While Eddins' acts support strong inferences of inadvertence or negligence, we do not find a sufficient basis to support a finding of disqualifying misconduct. The driving incidents, with one exception, occurred on his own time; he paid the tickets himself; he disputes the validity of one of the tickets; he was otherwise considered a good employee; and the six violations were minor and occurred over a period of more than two and one-half years.

Eddins, 388 N.W.2d at 436.

In the present case, the Commissioner's representative stated:

[Relator's] driving practices cannot be characterized as anything but the "series of negligent or inadvertent acts amounting to misconduct" to which the Swanson court was referring when it recognized that some behavior should be distinguished from mere incidents of inadvertence or negligence. Therefore, [relator's] actions were significantly more serious and demonstrated the culpability necessary to support a determination of misconduct. See, for example, Nelson v. Hartz Truckline, 401 N.W.2d 436 (Minn. App. 1987) (Claimant engaged in misconduct when he received four speeding tickets within a period of eight months while driving the employer's vehicle, despite having received a warning from the employer), [review denied (Minn. Apr. 29, 1987)].

The Nelson court based its decision on several elements:

Not only did Nelson violate the law upon four occasions within a relatively short period of time; each of those violations occurred on Hartz's time and in Hartz's vehicle. Thus, Hartz's exposure to liability was heightened by Nelson's continued behavior. Further, the incidents here were not simply accidents, but were repeated violations of public safety statutes. Nor can the four speeding violations be characterized as "minor," as were the traffic offenses in Eddins. Finally, the record discloses that Nelson continued to speed even after Hartz issued him a warning letter in April 1985; he received his fourth speeding ticket approximately two weeks later.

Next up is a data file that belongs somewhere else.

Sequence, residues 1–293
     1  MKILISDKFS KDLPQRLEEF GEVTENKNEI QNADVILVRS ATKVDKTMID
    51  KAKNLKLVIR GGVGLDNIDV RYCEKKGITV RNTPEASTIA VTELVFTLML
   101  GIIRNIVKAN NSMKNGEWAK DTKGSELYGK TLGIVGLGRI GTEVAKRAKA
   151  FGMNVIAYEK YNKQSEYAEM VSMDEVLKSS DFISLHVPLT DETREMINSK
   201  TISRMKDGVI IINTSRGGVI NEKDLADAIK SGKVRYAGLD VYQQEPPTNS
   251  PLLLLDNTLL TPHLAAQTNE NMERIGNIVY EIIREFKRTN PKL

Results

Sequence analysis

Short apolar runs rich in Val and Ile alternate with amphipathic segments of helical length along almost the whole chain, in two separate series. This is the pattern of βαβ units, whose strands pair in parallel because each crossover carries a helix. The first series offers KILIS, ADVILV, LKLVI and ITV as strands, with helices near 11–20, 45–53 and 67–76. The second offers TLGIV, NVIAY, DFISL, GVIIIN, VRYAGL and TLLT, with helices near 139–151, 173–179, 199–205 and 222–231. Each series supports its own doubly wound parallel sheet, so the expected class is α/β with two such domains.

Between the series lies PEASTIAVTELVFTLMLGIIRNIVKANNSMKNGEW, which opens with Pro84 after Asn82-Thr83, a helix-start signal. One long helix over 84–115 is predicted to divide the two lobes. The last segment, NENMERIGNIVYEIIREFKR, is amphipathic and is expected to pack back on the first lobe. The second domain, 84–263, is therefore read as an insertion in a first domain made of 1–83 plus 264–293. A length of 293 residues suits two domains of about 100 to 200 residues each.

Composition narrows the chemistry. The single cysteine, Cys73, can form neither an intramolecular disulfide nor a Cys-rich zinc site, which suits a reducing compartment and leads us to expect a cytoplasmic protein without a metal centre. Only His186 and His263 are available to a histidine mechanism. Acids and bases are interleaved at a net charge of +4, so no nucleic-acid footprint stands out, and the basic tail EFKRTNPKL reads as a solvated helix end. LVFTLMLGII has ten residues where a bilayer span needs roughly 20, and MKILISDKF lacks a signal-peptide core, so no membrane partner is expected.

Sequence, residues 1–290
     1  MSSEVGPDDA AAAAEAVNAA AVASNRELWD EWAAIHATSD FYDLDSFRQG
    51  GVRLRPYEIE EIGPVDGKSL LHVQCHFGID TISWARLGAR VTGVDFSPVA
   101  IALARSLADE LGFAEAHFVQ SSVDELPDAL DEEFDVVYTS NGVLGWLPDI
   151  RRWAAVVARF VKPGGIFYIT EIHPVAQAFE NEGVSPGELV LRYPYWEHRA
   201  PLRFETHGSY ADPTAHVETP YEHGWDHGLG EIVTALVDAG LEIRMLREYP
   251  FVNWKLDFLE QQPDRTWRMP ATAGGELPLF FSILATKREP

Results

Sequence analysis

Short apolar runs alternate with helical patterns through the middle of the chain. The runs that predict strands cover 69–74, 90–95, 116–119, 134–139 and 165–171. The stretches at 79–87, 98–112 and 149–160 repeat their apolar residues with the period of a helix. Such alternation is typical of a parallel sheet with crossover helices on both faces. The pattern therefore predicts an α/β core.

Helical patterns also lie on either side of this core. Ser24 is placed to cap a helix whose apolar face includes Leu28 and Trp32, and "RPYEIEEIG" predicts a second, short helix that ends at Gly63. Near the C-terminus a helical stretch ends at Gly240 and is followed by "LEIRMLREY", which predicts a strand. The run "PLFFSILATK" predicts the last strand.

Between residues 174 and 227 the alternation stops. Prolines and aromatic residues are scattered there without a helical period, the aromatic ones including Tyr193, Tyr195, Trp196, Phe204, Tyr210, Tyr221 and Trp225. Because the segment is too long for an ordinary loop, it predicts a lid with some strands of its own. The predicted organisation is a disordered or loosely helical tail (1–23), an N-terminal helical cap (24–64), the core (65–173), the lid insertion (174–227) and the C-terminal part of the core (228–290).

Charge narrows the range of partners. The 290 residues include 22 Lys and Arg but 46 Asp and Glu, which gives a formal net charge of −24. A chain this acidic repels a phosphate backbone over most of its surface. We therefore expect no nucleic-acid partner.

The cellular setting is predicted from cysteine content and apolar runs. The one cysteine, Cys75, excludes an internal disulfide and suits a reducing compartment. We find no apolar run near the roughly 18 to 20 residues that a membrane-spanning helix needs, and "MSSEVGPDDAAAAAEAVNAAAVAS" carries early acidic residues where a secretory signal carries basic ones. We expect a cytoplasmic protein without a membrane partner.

Id. at 439.

Similarly, the Commissioner's representative based her decision on a number of factors:

First, [relator] repeatedly violated the Minnesota Traffic Code while he was on duty and while he was driving the employer's van. Second, his driving practices were so reckless that the employer received numerous complaints from the motoring public accusing him of being a hazard. Third [relator's] reckless operation of the employer's van tarnished the employer's reputation in the community and resulted in the employer being held financially liable for the damage caused by the [relator's] accident on July 17, 1995. Last, [relator] continued to engage in unsafe driving practices, despite warnings from the employer.

These factors indicate that the present case is similar to Nelson and can be distinguished from Swanson and Eddins. We therefore conclude that the Commissioner's representative correctly determined that relator's behavior amounted to misconduct.